Residential parking permits in San Francisco are a steal. At just $110 a year, or about 30 cents a day, the costs come nowhere near the market value for use of prime SF real estate. The fee is especially favorable compared to the single-day permit rate, which is 40 times higher. That means people who only occasionally need to park a car in their neighborhood pay a lot more per hour than people who take up street space every day for personal car storage.
Parking permits may be a small step toward regulating the free-for-all parking situation that reigns on 90 percent of SF’s streets. But even under the current permit fee system, year-round car storage remains severely underpriced, amounting to a vast subsidy that leads car owners to fill up every inch of available curb space. More traffic, double-parking, and slower transit are the inevitable results.
The discrepancy between short-term permits and annual permits was recently noted by Michael Smithwick, who lives in the proposed RPP Area Q, expected to be approved by the SFMTA soon.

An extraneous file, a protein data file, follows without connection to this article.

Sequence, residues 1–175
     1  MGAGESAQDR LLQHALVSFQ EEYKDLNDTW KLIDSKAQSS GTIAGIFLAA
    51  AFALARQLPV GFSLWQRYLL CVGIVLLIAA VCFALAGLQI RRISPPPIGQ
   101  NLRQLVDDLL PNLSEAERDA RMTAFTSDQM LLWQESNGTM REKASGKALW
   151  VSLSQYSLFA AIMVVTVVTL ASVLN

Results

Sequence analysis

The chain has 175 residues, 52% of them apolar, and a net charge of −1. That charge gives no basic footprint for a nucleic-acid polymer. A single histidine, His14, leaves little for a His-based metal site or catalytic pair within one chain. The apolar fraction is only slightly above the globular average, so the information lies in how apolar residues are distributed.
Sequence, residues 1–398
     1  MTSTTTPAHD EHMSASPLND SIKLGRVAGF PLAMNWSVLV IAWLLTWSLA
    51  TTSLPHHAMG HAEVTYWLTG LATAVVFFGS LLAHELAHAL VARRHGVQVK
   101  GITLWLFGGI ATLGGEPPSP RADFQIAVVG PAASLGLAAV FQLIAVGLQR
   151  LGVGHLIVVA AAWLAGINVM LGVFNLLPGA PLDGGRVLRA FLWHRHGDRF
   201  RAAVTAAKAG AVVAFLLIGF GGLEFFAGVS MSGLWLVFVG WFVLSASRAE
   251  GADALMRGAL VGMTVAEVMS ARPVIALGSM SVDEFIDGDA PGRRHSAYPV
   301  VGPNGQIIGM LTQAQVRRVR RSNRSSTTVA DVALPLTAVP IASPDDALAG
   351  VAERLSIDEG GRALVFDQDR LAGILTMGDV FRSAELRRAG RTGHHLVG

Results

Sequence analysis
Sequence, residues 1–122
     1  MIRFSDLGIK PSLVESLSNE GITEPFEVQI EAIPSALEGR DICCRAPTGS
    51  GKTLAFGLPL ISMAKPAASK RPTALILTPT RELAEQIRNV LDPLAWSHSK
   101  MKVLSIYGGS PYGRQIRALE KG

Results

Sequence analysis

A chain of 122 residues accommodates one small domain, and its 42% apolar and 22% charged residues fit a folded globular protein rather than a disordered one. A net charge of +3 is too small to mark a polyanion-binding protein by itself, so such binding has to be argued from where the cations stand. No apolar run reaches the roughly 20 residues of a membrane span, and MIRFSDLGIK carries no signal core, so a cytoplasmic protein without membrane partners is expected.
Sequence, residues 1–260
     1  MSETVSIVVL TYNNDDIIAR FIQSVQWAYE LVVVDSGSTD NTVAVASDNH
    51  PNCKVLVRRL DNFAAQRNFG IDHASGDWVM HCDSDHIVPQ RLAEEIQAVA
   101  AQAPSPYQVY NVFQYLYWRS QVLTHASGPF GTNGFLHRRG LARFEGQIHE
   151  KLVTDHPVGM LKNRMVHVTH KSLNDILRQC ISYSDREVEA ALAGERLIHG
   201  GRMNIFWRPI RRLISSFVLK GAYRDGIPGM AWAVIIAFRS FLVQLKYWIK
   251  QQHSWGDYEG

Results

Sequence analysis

Smithwick said the price hike for short-term parking permits “unfairly discriminates against non-car-owning residents,” which is “at least half of the households in the proposed area.”
The discrepancy “is in conflict with SFMTA’s own policies to reduce car trips in favor of other sustainable transit modes,” Smithwick said, noting that non-car-owners can occasionally find permits useful when they rent a car or have visitors.
Even the lowest available rate of $8/day for a book of 20 parking permits is 27 times higher than the annual rate, and a maximum of 20 permits per year can be purchased at that rate.
“Because the market prices for parking in San Francisco are so high, free and cheap parking in the city’s 475,000 on-street spaces (which amount to a total length greater than California’s coastline) are probably the biggest subsidy the city provides for its citizens,” said UCLA professor and parking policy guru Donald Shoup. “A city’s budget should reflect its policies, and free parking on so much city land suggests a car-first policy.”
Under current law, meters are the only way the city can put a better price on curb parking. State law limits the price of residential parking permits to the cost of administering the program, preventing rates from reflecting the true market value.